Why to Get Away with Dressing Like a Superhero at Work

Last week was Stealth Cosplay Week on tumblr (the first of many I hope!) and Monday it was featured on Wired. Including a picture of me, dressed in the style of Tintin, and with the caption “If there’s an expert on stealth cosplay, it’s Anika Dane” and excuse me while I go add that to my business cards immediately.

But that SQUEEE!!! aside, the article got one comment I’d like to address:

Could someone link to the first article in the series that explains *why* someone needs to dress like a superhero at work?

At first I was just going to reply with a link to an article I imagined I’d written way back when I first started doing and talking about this. But I couldn’t find a “first article” that addressed the question simply and succinctly. So I decided to write one.

me dressed in the style of Thor
Thor is one of my favourite heroes to dress in the style of.

I think a lot of people get fashion confused with the fashion industry. Stripped of presentation (shows, spreads, advertisements — marketing) which dictate trends (what the industry wants to sell) fashion is simply style. Your own personal style.

My own personal style is a combination of what makes me comfortable (layers and layers) and what makes me feel powerful (dressing in the style of characters I relate to). I work at a university and the dress code allows me to wear this fashion most of the time. Other places of work have more strict guidelines. Some occupations require a uniform but many of those allow some wiggle room:

Medical scrubs come in "Disney". Marie approves.
Medical scrubs come in “Disney”. Marie approves.

And even the ones that don’t, there are opportunities within styling (hairstyle, jewelry, cosmetics, shoes, bags, etc):

I wish my school had a uniform just so I could have played with it.
I wished my high school had a uniform just so I could have played with it.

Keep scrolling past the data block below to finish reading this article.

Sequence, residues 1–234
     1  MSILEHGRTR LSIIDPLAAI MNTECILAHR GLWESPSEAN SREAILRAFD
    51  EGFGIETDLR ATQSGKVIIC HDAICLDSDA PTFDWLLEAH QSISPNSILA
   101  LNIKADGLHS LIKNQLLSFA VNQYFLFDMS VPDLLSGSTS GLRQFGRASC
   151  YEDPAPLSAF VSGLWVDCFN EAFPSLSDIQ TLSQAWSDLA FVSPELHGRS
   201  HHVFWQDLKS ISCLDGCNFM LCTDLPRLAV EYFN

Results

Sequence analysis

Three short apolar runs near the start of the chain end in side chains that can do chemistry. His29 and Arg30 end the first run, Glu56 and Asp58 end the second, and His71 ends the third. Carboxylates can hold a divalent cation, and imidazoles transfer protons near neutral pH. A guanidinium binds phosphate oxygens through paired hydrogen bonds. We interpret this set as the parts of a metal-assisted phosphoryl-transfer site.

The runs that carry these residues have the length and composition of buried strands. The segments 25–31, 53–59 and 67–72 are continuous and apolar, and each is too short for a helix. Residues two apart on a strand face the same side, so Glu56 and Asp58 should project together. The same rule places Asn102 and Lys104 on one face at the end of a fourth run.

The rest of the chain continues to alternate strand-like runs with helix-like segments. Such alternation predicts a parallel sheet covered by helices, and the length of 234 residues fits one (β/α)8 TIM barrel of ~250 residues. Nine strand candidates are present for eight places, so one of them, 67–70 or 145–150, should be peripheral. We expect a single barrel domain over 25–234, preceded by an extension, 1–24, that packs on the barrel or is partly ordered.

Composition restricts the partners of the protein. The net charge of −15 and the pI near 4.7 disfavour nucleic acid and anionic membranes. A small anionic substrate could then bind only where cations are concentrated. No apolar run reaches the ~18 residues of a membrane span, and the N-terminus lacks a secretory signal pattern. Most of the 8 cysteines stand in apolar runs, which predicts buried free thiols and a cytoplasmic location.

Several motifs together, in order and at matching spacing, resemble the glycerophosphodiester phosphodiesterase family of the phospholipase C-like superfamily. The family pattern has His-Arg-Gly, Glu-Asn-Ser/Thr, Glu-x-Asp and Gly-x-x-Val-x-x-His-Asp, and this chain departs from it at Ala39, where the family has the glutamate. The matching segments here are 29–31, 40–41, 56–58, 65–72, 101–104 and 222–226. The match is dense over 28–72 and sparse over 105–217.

And for the few that regulate even that, well, no one is always on duty (and one might say a soldier or police officer, for example, is already dressed as a hero).

Society and the fashion industry suggest uniforms for everyone. A lawyer wears a suit, a nurse wears scrubs, soldiers wear camouflage, a scientist has a lab coat, a librarian wears a cardigan, the label is more important than the model, students should wear skirts below the knees, everyone should want to wear what Jennifer Lawrence is wearing. Can the lawyer wear jeans and the teacher wear scrubs? Not if they want to be coded correctly. But finding ways to add personal flair (what makes you feel happy, pretty, powerful, comfortable, etc.) to societal requirements can be fun.

A lot of people like to say they don’t care. “I wear whatever is clean, whatever is close, whatever is available, whatever.” But those clothes didn’t just appear in your closet or on your floor. You chose them. Even if you didn’t purchase them yourself, someone chose them — for you, based on what you like or wear. And in some cases based on what they think you should like or wear but even then you made the choice to agree. Or to disagree and wear it as a statement. That’s what fashion really is.

A statement.

a photoset of me dressed in the style of Daenerys Stormborn

These slides were part of my presentation at GeekGirlCon 2013.

Dressing like a superhero is my statement. To myself and to the world. When I get dressed in the morning I put on my fashion, my style, my uniform because it empowers me. You wear whatever you wear because it empowers you. Whatever it is and whyever it was chosen, that choice is powerful. That choice is power.

No one needs to dress like a superhero at work. But if anyone chooses to, more power to her.

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